So, if children are apprehended by an unknown adult who accuses them of wrongdoing, they should pull out their cell and tell the person that they must call their parents to meet them.

“Just about every fifth grader has a cell phone,” Schroer said.

If the adult is actually a security guard as they say, then there will be no problem. However, if the person is a child predator, a quick call to the child’s parents will likely scare them off.

Davis also warned parents to be vigilant and keep their children close, particularly during the holiday season when a lot more people are out shopping.

“Predators love to take advantage of that, too,” Davis said. “They are looking for an opening and opportunities to exercise their perversion.”

While being aware of potential predators is important, parents should not panic right away if their child is missing. Parents should perform a quick sweep of the area to see if the child has simply wandered off, which is the most likely case, Davis said. If they still cannot find their child, then talk to customer service representatives who can call for him or her over the store’s intercom system.

Children should also be taught to go to the front of the store and ask an employee for help if they get separated from their parents, Davis added.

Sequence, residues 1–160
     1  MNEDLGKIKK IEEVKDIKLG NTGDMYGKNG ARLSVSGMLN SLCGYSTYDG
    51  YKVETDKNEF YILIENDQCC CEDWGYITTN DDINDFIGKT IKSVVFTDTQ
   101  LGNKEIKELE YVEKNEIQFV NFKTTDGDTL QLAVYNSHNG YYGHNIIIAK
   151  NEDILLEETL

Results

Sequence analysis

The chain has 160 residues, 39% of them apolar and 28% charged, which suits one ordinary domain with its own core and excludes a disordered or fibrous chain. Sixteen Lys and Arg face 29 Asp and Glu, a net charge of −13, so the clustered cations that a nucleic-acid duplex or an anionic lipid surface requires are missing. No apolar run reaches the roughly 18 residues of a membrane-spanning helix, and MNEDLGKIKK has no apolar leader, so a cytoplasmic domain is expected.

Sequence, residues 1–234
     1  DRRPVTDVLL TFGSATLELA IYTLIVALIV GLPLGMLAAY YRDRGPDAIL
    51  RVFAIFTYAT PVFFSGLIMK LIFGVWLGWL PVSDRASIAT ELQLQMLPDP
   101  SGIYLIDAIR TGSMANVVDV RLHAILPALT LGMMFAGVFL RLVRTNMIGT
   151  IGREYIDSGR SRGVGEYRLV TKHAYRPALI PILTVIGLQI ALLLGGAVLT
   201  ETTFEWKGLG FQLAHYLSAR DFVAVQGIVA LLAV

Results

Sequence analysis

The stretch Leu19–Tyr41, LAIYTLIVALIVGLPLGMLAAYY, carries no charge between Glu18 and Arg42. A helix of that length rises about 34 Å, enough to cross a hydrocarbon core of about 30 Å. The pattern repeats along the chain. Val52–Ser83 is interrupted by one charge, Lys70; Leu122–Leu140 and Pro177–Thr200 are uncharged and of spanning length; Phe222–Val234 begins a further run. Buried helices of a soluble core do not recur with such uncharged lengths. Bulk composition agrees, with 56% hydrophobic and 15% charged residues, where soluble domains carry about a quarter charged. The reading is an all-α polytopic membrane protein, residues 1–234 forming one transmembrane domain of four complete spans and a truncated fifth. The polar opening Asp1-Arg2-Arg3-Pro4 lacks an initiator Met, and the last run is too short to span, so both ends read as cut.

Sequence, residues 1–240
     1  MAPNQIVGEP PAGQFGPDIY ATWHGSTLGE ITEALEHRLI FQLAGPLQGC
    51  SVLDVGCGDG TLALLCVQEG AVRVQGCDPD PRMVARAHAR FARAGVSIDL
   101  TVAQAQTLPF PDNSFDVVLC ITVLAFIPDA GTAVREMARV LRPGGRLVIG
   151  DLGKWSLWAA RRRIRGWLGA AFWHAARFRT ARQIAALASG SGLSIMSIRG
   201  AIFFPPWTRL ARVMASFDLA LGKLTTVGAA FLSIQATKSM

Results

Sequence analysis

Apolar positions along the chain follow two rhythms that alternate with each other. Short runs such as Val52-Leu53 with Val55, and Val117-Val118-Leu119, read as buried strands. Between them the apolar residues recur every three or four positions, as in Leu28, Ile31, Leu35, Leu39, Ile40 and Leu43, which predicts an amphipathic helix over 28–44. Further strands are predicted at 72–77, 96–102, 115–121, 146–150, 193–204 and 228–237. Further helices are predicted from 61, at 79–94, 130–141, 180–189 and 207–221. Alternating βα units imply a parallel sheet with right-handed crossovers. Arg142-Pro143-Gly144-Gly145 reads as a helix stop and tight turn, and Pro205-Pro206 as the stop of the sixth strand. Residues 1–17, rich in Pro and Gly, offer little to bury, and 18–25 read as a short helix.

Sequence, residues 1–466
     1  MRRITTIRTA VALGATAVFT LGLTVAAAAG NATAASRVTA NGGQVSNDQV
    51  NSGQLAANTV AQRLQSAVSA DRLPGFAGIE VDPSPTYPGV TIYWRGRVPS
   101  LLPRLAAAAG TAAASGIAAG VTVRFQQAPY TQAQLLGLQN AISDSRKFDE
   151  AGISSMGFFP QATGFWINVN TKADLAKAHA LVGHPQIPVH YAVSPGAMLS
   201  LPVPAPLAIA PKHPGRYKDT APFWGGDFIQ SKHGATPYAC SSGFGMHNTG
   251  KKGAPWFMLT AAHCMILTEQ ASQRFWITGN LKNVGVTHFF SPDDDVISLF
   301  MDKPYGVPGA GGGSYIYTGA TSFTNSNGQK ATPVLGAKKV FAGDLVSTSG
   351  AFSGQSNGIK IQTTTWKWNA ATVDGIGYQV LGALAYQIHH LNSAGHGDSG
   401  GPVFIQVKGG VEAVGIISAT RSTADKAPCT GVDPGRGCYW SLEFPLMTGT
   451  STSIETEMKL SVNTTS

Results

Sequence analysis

Suspect in Walmart child stalking case out on bail

Parents in Western North Carolina breathed a collective sigh of relief last week when police caught and arrested the man suspected of stalking and assaulting an 11-year-old girl inside the Walmart Supercenter in Waynesville.

Ryan Scot Davis, 48, of Candler, promptly made his $100,000 bail, however, and is now out of jail while awaiting trail. Davis is a convicted child sex offender who previously served prison time for a similar incident.

Waynesville police alleged that Davis is the same man who stalked an 11-year-old girl around the Waynesville Walmart on the Saturday afternoon after Thanksgiving.

Posing as a security guard, Davis allegedly told her she was suspected of shoplifting. He led her to a stack of boxes, which he had arranged ahead of time to create a cordoned off area obscured from the view of other shoppers. He accused her of stealing and told her to remove her clothes. When the child refused, the perpetrator released her.

Police were able to piece together what happened using video surveillance tapes from Walmart and later released a picture of the suspect to the public, asking people to come forward and help identify the man. Media plastered his picture across Western North Carolina.

The Waynesville Police Department received several tips from callers, naming Davis as a suspect, and upon investigation, police found enough probable cause to believe that Davis was indeed the man they were looking for.

Davis is already listed on the Sex Offender Registry. He previously spent six years in prison for taking indecent liberties with a child in Henderson County in 2000.

Hollingsed stated that the circumstances of the 2000 incident are very similar to those that took place at Walmart in Waynesville on Saturday.

The full list of charges is: second-degree kidnapping, indecent liberties with a child and assault on a child under 12. All three are felonies.